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Physical principles

Glossary FAQ

There are two physical phenomena as the principles of the holography: interference and diffraction of light waves.
Holograms are photographs of three dimensional impressions on the surface of light waves. Therefore, in order to make a hologram you need to photograph light waves. This presents something of a dilemma.Interference pattern As we all know, it can be problematic to take a photograph of a quickly moving object. If you've ever had a picture come back blurred from the film lab, you know all too well. When a person moves too quickly in a photograph, their image blurs. Try to imagine the problems associated with trying to photograph a photon. To start, a light wave moves at the speed of light. Thats about 300.000 kilometers per second. Thats more than half way to the moon in a second. Considerably faster than someone's hand waving. In fact, its so fast that the very idea of even capturing it on film would appear impossible. What we need is a way to stop the photon so it can be photographed. And this technique is called interference.

Imagine yourself standing on a small bridge over a of still water. Lets further imagine that you were to drop a pebble into the pond. As it hits the water it creates a circular wave. This wave radiates outwards in an ever growing circular path. We've all done this. Now, if you drop two pebbles in the water, you would create two circular waves, each of which would grow in size and eventually cross the path of the other wave and then continue on its individual expanding path. Where the two circular waves cross each other, you might say that they interfere with each other. And the pattern that they make is called an interference pattern. Not too difficult to envision. This is what interference is. Two waves interfering with each other as they cross paths. No permanent impact is left on either wave once it leaves the area of overlap. Each wave looks exactly the same as it did before it crossed the other waves path. Well, maybe its grown a little bit bigger, but that's about it. So, what's the big deal about interference in that case?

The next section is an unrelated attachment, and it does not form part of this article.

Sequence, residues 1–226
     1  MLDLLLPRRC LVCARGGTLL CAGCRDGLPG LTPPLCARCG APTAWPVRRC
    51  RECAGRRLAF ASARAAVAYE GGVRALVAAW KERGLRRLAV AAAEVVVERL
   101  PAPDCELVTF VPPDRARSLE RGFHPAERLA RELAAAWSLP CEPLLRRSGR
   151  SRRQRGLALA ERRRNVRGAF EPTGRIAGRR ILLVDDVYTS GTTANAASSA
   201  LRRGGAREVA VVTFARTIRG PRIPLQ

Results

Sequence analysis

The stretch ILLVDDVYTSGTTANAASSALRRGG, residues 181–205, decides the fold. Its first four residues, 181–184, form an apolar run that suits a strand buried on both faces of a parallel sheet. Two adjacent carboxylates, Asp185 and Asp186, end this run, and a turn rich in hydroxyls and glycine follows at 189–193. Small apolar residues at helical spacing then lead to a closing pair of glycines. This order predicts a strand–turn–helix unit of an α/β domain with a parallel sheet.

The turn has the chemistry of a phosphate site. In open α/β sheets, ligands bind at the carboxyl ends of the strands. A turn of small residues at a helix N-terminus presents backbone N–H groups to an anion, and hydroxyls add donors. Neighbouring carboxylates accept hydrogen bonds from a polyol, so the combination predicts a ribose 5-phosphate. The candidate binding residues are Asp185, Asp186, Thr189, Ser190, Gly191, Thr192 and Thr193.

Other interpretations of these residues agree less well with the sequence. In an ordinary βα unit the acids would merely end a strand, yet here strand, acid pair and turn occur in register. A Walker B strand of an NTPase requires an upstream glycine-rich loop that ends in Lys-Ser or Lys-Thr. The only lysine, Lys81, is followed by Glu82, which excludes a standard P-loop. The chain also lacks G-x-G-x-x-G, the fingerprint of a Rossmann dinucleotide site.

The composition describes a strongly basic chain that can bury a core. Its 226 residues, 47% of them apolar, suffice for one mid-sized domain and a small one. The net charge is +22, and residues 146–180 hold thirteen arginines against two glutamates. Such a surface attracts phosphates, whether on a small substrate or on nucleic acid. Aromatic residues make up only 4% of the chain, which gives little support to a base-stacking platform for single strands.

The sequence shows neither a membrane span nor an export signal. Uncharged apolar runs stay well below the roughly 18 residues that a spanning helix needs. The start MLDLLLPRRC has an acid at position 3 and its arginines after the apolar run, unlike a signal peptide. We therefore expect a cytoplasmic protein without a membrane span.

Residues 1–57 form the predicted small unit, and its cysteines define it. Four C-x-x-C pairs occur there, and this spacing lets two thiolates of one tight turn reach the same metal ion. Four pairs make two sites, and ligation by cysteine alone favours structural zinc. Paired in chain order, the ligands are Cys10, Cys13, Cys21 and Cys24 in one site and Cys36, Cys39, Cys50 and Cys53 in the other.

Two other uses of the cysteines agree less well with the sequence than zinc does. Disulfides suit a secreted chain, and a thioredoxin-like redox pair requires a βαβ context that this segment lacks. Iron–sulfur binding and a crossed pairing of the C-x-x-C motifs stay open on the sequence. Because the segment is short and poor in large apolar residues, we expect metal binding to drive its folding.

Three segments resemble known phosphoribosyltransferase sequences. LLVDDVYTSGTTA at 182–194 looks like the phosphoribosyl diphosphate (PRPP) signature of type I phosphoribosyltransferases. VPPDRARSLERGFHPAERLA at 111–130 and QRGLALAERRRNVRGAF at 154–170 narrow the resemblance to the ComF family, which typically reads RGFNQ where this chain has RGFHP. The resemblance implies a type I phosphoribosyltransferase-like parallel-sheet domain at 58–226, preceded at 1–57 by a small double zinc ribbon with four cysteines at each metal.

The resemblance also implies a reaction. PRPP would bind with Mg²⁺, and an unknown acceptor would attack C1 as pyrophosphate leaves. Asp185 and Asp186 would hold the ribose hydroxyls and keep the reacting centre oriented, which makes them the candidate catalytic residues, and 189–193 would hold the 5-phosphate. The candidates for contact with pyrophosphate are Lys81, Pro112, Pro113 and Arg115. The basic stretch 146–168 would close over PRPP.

Here it is. As waves cross paths and interfere, the pattern they make is called a standing wave. It is called a standing wave because it stands still. And since it stands still, it can be photographed. This solves theLaser device problem of how we can photograph something moving at the speed of light. So, to photograph interference pattern we should use special light source. It is laser, which was first made to operate in 1960.

Laser light differs drastically from all other light sources, man-made or natural, in one basic way which leads to several startling characteristics. Laser light can be coherent light. Ideally, this means that the light being emitted by the laser is of the same wavelength, and is in phase. These might be new terms for some of you, so let us form an analogy that might clarify the term coherence.

But we don't answer the bigger question. Why does light wave stand still? To understand that, let's envision a photon. If we view it from the side it looks like a sine wave. Now, try to imagine a river whose streambed lies on a wavy rock formation that looks like a sine wave. This river would be full of rapids. In fact, it would be great for white water rafting. Although the water in the river is flowing furiously downstream, the pattern of water above the rapids is stationary. You might think of it as a standing wave. The wave energy is flowing through this standing wave without altering it and vice versa. It is just a momentary pattern that the water takes as it passes over a bump.-->